The Phillies’ offensive onslaught against the Angels on Friday carried into the first inning of their game on Saturday night. Kyle Schwarber led off with a double, Bryce Harper and Nick Castellanos walked, and J.T. Realmuto hit a double of his own to drive in two runs. Then, Bryson Stott walked, Johan Camargo singled to score Realmuto and Castellanos, and Mickey Moniak singled to score Stott.

By the end of the first inning, the Phillies had a 5-0 lead. Angels starter Michael Lorenzen seemed to hit a groove as the game went on, holding the Phillies to just one hit and one walk through the next five innings. But the Phillies’ piled on two more runs in the bottom of the eighth thanks to another two-RBI single by Carmargo, which proved to be enough for a 7-2 victory, their third straight win.

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It wasn’t just that the Phillies were scoring; it was that they were scoring early and late. It was that they were getting men on base by drawing walks and driving them in. The Phillies tallied up seven walks Saturday night, which is tied for their most in a game this season. The last time they did it was May 13 in Los Angeles. If they can keep up that pace, that would be a big difference-maker for them.

Perhaps the biggest difference of all is that the Phillies seem to be enjoying themselves.

“I think the kids bring that,” Phillies interim manager Rob Thomson said. “[Nick] Maton, Moniak, Stott. They’ve got energy. They run around. It’s fun. You know? They create it.”

Solid outing from Wheeler

The bar was high for Phillies starter Zack Wheeler, who was named the NL pitcher of the month for May and entered Saturday night’s game with a 22⅔-inning scoreless streak. That streak was snapped in the third inning, when Jared Walsh hit an RBI single. Walsh also drove in Shohei Ohtani with an RBI double off Wheeler in the fifth.

Wheeler finished his night at six innings pitched, allowing six hits, two earned runs, two walks and nine strikeouts. It was a solid outing, and more than enough to keep the Phillies in the game. All of his strikeouts came on his fastball.

“My fastball was playing well today even though my velocity wasn’t really there,” Wheeler said. “I didn’t have my best command so I was just relying on my fastball.”

Hand becoming a reliever the Phillies can trust

Left-handed pitcher Brad Hand came in for Wheeler on Saturday night in the top of the seventh and proceeded to throw a 1-2-3 frame. Hand hasn’t allowed an earned run since May 4. He now has a 1.13 ERA through 23 games this season.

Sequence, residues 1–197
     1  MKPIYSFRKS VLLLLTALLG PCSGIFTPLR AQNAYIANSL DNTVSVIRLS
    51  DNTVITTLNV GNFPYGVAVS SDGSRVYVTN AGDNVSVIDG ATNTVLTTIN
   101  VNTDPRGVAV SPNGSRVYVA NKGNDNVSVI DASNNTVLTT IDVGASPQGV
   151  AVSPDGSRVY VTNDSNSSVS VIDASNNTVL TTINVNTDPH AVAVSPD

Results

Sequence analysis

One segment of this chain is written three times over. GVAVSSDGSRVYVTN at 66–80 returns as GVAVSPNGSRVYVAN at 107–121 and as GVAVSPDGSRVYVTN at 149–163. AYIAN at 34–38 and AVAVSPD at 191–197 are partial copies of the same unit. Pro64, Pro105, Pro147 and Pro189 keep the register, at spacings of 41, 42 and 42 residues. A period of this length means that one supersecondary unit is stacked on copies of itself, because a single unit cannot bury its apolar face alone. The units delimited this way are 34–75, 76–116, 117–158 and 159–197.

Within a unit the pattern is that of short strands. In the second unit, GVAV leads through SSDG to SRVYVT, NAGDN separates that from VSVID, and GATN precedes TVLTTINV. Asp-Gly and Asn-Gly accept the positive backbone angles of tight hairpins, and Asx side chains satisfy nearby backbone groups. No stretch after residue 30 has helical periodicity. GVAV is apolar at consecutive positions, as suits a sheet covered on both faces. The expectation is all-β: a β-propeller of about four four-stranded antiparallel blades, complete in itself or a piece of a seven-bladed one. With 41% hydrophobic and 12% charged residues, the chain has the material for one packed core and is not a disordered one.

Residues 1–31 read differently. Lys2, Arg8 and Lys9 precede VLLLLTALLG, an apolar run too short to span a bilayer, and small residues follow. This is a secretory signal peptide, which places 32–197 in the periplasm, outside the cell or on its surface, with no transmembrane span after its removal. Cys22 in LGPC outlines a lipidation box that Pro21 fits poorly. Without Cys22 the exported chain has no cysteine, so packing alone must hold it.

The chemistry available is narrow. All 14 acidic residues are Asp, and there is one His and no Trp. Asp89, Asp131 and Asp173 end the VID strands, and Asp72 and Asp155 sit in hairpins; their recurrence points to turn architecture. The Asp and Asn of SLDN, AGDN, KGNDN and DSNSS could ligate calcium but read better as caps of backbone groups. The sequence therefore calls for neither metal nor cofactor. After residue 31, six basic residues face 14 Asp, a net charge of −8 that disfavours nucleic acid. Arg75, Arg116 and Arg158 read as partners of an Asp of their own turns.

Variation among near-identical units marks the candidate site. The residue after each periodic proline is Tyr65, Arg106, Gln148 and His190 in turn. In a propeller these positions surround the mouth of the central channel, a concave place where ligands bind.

Bohm’s hitting struggles continue

In the bottom of the first inning, third baseman Alec Bohm struck out swinging on a 95 mph fastball. It was his sixth strikeout over his past seven games. Over that span, Bohm is batting .036/.097/.036. Over his last 15 games, he’s batting .159/.206/.222.

Bohm went back to the dugout with his bat in hand and slammed it multiple times against the bat rack. It ricocheted back at his neck, causing a stream of blood to trickle down his neck.

It isn’t clear why Bohm’s struggles started, or why they are as bad as they are, but his frustration is palpable.

“That’s a situation there where you don’t want to see a guy get hurt, but guys do get frustrated,” Thomson said. “And they bang the bat rack every once in a while.”

J.T. Realmuto is hitting his stride

Realmuto, the Phillies’ catcher, spent a decent chunk of the season searching for the right stance, messing with his leg kick, and clearly found something that works. Realmuto went 3-for-4 on Saturday and has recorded at least one hit in his past six games. He hit a career high three doubles on Saturday night.

The young guys will get continue to get some looks

It was the young guys — Stott, Moniak, Bohm, and Maton — who showed up big for the Phillies in Friday’s win, and on Saturday, three of them were penciled into the lineup again — Maton is day-to-day with a sore right shoulder. A criticism of former manager Joe Girardi was he didn’t play the Phillies’ younger players regularly enough. When asked whether playing younger players will be a priority for him, Thomson said it “absolutely” would.

“They’re starting to feel comfortable,” he said. “They bring energy every day, and we need energy. And they’re playing good defense, they’re covering space on defense, these guys are ready to go. And they’re a big asset to the ball club.”

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Moniak was the only younger player to record a hit in Saturday’s game, but it seems like now those players don’t have to worry about losing at-bats if they don’t perform the way they’re expected to, at least not right away.